20140727-112138-40898904.jpgThe afternoon of tastings was followed by a delicious dinner of locally grown and produced foods at Backyard in Forestville. Below was our pickle board appetizer with house fermented kimchi, preserved mustard seeds, pickled garlic (hey, I make that too!), pickled broccoli stems and more. The food was excellent!


While my husband was busy, I spent my alone-time at the Sebastopol Farmers Market.  What a selection of organic produce! I was quite content among the tomatoes, pluots, dates, almonds, olives and more!






After I met back  up with my husband, we took our pluots and headed to the ocean for an afternoon of walking along the shore, watching the waves.


As we drove to our dinner destination, we stopped for a snack among the redwoods…


And, lastly, made it to our destination – dinner at a colleague’s parents vineyard and olive groves – Old Chatham Ranch in Mendocino County.


The family made some beautiful wines – the best we had tasted yet.  But, alas, they only make wines for their own enjoyment.  But what they specialize in is super high quality extra virgin olive oil.  So, as you can imagine, dinner was a wonderful experience, as much for the company of this warm family as for the sumptuous food and drink.


So, with that, we watched the sun set at the ranch and our weekend in Sonoma ended.


We brought the wine home with us.  I am anxiously awaiting my shipment of olive oil.  This is not oil I will use for cooking, it is for dipping, special salad dressings, and as a finishing oil.  I can’t wait, and I will fill you in on what I do with it. Tomatoes with a simple balsamic and olive oil dressing, or perhaps with truffle balsamic vinegar, or just making a good rustic bread and simply dipping it in the oil  – oh I can’t wait!!







Categories: General | Leave a comment

Eggplant and Tomato Stew with Pomegranate Molasses

My eggplant are not doing well this year, so I picked up some eggplants from Taproot Organic Farm at the farmers market.  Now, typically, when I have eggplants I make Khoresh Bademjun (Persian Eggplant Stew). And when my husband heard that I was not making that, he was not happy.  But I had seen the recipe for Eggplant  and Tomato Stew with Pomegranate Molasses in Lousia Shafia’s The New Persian Kitchen and really wanted to try it.


The ingredients that intrigued me were the split peas and the pomegranate molasses.  I love the flavor the molasses brings to dishes and I thought pairing it with eggplant would make for a rich dish…and it did. The split peas added some texture to what otherwise would have been an entirely soft stew. But what I really wanted to try was roasting the eggplant instead of frying it.  I was skeptical about that, but to my pleasant surprise, it worked great. I may even try that the next time I make Khoresh Bademjun.  It makes the dish a whole lot healthier.


S0 what was the verdict?  I served it with some vinegary cucumbers (see Cool Cucumber Salad – to be posted soon). My husband was happy with his dinner.  Chalk one up for me!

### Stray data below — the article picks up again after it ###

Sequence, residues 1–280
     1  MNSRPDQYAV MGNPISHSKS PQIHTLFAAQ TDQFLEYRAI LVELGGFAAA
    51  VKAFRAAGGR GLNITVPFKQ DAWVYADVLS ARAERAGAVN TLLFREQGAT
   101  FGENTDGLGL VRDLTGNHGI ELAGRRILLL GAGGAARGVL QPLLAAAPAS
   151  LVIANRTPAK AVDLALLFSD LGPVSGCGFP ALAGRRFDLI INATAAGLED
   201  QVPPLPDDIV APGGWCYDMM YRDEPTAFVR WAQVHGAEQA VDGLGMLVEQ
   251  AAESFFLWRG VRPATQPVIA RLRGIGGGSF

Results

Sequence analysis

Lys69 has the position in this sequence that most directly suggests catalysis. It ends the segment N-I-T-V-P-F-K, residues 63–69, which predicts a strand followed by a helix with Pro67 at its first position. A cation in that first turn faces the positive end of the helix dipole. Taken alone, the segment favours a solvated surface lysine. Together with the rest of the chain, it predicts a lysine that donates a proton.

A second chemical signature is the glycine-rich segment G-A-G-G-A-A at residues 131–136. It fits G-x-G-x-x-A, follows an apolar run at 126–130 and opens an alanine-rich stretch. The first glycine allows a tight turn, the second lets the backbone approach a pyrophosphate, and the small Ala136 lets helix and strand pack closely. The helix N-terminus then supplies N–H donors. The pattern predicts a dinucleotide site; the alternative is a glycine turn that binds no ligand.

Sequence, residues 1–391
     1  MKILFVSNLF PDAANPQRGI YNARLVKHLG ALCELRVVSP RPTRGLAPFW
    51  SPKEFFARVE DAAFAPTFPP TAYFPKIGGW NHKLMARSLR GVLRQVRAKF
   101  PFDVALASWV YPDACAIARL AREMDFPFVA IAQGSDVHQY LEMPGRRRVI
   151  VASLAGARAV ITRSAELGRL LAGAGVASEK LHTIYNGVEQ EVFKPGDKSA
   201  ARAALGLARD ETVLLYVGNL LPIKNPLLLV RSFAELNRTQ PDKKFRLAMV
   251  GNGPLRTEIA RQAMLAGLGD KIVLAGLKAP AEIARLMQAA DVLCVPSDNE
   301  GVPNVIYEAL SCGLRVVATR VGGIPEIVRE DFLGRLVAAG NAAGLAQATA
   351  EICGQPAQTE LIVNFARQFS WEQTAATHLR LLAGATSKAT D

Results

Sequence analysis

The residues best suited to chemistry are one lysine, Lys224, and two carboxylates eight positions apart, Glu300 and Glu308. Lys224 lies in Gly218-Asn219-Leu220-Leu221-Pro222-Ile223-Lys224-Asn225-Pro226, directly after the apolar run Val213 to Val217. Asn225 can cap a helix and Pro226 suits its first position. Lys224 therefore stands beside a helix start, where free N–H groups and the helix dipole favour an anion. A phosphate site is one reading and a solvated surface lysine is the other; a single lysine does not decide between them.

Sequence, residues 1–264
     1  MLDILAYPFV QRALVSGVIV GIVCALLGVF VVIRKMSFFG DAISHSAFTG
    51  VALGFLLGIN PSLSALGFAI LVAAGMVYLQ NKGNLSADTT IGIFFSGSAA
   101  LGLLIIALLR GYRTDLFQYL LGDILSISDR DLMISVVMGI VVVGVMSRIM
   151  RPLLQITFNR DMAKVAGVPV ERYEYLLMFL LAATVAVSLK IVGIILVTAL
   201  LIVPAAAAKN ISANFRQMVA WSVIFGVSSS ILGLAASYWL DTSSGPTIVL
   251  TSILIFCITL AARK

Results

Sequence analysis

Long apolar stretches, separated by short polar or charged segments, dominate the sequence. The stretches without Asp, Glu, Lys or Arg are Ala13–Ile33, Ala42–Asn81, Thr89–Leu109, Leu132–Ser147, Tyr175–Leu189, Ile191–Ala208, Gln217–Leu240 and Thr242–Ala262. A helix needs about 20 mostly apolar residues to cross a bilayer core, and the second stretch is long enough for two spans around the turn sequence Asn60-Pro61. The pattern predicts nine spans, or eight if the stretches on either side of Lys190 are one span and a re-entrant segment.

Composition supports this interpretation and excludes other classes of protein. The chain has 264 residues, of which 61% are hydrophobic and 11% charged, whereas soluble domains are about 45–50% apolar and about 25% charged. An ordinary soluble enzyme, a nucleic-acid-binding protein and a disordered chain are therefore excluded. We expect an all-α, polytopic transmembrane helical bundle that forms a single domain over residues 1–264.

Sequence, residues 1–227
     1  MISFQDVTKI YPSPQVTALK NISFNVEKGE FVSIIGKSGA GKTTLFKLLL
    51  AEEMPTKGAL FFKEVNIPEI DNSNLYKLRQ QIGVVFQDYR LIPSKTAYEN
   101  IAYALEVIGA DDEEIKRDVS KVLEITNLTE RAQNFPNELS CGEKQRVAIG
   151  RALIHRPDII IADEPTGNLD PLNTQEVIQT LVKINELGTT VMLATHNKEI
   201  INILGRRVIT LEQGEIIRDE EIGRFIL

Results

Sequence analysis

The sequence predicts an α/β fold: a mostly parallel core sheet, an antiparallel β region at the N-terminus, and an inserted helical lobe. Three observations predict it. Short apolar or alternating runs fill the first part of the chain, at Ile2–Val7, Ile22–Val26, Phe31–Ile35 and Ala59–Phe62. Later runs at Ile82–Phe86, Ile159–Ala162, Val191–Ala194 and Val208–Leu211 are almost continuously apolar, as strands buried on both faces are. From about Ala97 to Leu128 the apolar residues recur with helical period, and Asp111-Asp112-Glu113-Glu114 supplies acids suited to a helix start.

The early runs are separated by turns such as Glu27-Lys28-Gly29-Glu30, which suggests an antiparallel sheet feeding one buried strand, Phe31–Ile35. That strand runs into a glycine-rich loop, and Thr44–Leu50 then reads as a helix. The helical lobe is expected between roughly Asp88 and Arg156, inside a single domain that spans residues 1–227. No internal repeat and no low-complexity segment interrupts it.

Eggplant  and Tomato Stew with Pomegranate Molasses 

From The New Persian Kitchen by Louisa Shafia

  • pounds Japanese eggplant, peeled and diced
  • Sea salt
  • tablespoons grapeseed oil
  • 1/2cup split peas
  • cups water
  • yellow onion, thinly sliced
  • medium to large tomatoes, coarsely chopped (from the garden) (note:  you can use diced canned tomatoes if you need to)
  • 1/2 teaspoon turmeric
  • 1/2 teaspoon ground cinnamon
  • 1/4 cup pomegranate molasses
  • cloves garlic, minced (from the garden)
  • cups vegetable or chicken stock, boiling
  • freshly ground black pepper


Preheat the oven to 425°F. Line a baking sheet with parchment paper.

Spread the eggplant on the prepared baking sheet. Sprinkle with 1 teaspoon salt and 1 tablespoon of the oil.20140720-202526-73526801.jpgBake for 40 minutes, stirring gently every 10 minutes to prevent sticking. When the eggplant is completely soft, let it cool to room temperature.20140720-202527-73527100.jpgWhile the eggplant cooks, combine the split peas with the water in a saucepan. Bring to a boil, then turn down the heat and simmer, covered, for about 40 minutes, until the peas are tender. Drain and season with 1 teaspoon salt.20140720-202527-73527414.jpgHeat the remaining 4 tablespoons oil in a Dutch oven or a large, deep skillet over medium-high heat. Add the onion and cook for 10 minutes, until it starts to darken, then cook slowly over low heat for about 30 minutes, until it is dark brown and about half its original volume.20140720-202527-73527818.jpgAdd the eggplant, tomatoes, turmeric, cinnamon, pomegranate molas- ses, garlic, split peas, and 1 teaspoon salt. Add the stock.

20140720-202528-73528126.jpgBring to a boil, then lower the heat and simmer, partially covered, for 1 hour. Uncover and simmer for 15 minutes, until the stew is thick.20140720-202528-73528457.jpgTurn off the heat and let the stew rest for 15 to 30 minutes. Season with salt and pepper and serve. Enjoy!20140720-202528-73528788.jpgServes 4.



Categories: Eggplant, Kosher, Main Dish, Persian, Recipe, Tomatoes, Vegetarian | Tags: | 2 Comments